Eight vendors pass SAML 2.0 sniff test

Liberty Alliance says companies looking to adopt federated identity management technology have a growing list of choices.

Eight vendors got the Liberty Alliance's SAML 2.0 stamp of approval after their products passed a rigorous round of compatibility testing last month. This means a growing list of choices for companies looking to adopt federated identity management technology, according to Roger Sullivan, vice president of Oracle's Identity Management Solutions division and chairman of Liberty Alliance's Conformance Expert Group.

"This marks a significant advancement for organizations looking to deploy open identity solutions based on SAML 2.0 specifications," Sullivan said. "As organizations increasingly migrate to SAML 2.0 technologies, they can count on products that have passed Liberty's interoperability testing for faster and more successful deployments."

This was the first time Liberty Alliance -- a global consortium of vendors and users working to develop open federated identity standards for Web services -- tested products specifically for Security Assertion Markup Language (SAML) 2.0 compatibility. SAML 2.0 passed a series of interoperability tests and was ratified by the Organization for the Advancement of Structured Information Standards (OASIS) earlier this year. On its Web site, OASIS said SAML 2.0 "adds key functions to create and manage federated networks that combine and appropriately share pre-existing repositories of identity information."

Previous news on SAML 2.0

Liberty Alliance begins SAML 2.0 testing in July

Is single sign-on ready for prime time?

Liberty Alliance conducted the testing in Piscataway, N.J., July 25-29 and gave passing marks for SAML 2.0 interoperability to the South Korean Electronics & Telecommunications Research Institute, Stockholm-based Ericsson; Waltham, Mass.-based Novell; Redwood Shores, Calif.-based Oracle; Belmont, Calif.-based Reactivity; Santa Clara, Calif.-based Sun Microsystems; Chicago-based Symlabs; and Santa Clara, Calif.-based Trustgenix Inc.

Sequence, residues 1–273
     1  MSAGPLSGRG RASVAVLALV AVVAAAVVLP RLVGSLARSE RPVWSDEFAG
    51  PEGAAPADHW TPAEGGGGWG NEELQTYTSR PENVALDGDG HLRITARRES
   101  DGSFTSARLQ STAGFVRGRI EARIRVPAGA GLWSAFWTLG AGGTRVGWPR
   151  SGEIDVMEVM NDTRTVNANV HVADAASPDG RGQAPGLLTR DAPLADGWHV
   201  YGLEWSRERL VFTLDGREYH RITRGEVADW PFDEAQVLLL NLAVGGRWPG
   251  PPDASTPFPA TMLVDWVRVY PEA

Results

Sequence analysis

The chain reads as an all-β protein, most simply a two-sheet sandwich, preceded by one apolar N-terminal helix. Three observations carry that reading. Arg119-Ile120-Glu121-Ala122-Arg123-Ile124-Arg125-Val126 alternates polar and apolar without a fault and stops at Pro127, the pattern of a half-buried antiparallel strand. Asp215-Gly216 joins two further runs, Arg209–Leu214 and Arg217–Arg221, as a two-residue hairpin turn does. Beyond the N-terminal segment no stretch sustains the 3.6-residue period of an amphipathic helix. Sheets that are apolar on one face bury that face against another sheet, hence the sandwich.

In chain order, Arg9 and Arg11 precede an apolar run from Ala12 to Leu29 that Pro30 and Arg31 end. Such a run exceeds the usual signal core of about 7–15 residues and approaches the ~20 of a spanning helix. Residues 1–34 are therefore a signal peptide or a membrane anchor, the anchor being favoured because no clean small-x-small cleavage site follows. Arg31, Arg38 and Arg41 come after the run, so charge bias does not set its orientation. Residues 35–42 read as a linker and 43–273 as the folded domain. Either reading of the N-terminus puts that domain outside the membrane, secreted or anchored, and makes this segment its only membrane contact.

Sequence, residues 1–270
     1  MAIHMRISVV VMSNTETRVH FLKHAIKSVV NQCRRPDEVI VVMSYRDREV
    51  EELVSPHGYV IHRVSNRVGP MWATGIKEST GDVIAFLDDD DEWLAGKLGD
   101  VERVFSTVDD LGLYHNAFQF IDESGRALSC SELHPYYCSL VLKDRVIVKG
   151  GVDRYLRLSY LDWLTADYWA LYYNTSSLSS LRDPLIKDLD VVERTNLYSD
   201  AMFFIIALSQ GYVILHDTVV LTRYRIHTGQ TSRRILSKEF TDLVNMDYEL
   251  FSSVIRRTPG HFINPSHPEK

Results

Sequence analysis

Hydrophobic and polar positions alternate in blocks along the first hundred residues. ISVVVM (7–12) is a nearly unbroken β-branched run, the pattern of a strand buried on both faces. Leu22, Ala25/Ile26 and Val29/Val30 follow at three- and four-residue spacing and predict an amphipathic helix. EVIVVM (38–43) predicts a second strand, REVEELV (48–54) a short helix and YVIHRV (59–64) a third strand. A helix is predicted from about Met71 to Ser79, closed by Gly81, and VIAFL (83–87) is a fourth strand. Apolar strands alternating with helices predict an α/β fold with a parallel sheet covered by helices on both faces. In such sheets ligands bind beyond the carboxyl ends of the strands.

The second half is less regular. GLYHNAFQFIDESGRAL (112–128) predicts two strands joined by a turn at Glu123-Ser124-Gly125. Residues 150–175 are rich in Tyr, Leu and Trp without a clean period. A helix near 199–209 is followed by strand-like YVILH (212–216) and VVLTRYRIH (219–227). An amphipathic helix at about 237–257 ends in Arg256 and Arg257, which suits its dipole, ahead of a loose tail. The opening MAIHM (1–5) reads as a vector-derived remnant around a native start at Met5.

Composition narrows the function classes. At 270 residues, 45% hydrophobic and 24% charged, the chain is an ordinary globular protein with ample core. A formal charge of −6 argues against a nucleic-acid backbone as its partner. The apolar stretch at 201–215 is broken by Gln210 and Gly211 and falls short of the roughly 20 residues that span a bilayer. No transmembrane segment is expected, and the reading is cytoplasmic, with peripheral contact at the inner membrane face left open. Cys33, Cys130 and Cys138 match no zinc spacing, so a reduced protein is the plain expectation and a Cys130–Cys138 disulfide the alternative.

"These vendors were exceptionally well prepared," Sullivan said. "They brought ready products to the table that ran smoothly throughout the testing. Nobody failed." He said the next round of testing is planned for November in Tokyo.

Making the grade
As part of the testing, companies had to demonstrate interoperability with at least two other randomly selected participants. "The program requires repeated operation of the Liberty specifications' core features in many combinations and sequences and in different roles and contexts common to real-world deployments," the alliance said on its Web site.

The following products passed:

  • The Electronics & Telecommunications Research Institute's ETRI SAML 2.0 Toolkit, a Web SSO library with federated identity capabilities.
  • Ericsson User Session and Identity Server (USIS), which provides federated identity framework infrastructure for telecom operator services.
  • Novell Identity Provider, a component of Access Manager, to be released in early 2006. It will provide customers with access management based on federation for both Web and enterprise applications.
  • Oracle Identity Management, an identity and access management infrastructure solution designed to safeguard information, critical systems and applications against unauthorized access.
  • Reactivity XML Gateways, designed to secure, manage and optimize XML traffic with federated identity capabilities.
  • Sun Microsystems' Sun Java System Access Manager and Sun Java System Federation Manager 7.0
  • Symlabs SLIM version 2.9 Federated Identity Management product
  • Trustgenix IdentityBridge, an enterprise and carrier-grade federated identity management software application.

The Liberty Alliance Web site has additional details on the passing companies and products.

Breaking the federated log jam
Skeptics of federated identity management say the technology is too young for widespread use; that countless legacy applications would have to be adjusted for everything to work right. Advocates believe it's is the best way to securely authenticate users and prevent online thieves from impersonating others while they commit cybercrimes. With the development of standards like SAML 2.0, they believe the technology's time has come.

"People know SAML 2.0 has been around the corner, so they've held back from federating with new clients," Sullivan said back in April, when the July testing was announced. "But with this testing, you're going to see that logjam break free, because it will pave the way for more products that incorporate the standard."

Jahan Moreh -- a member of OASIS' Security Services Technical Committee, which has overseen development of SAML 2.0 -- has called Liberty Alliance's testing program an example of the two organizations working together to advance federated identity management.

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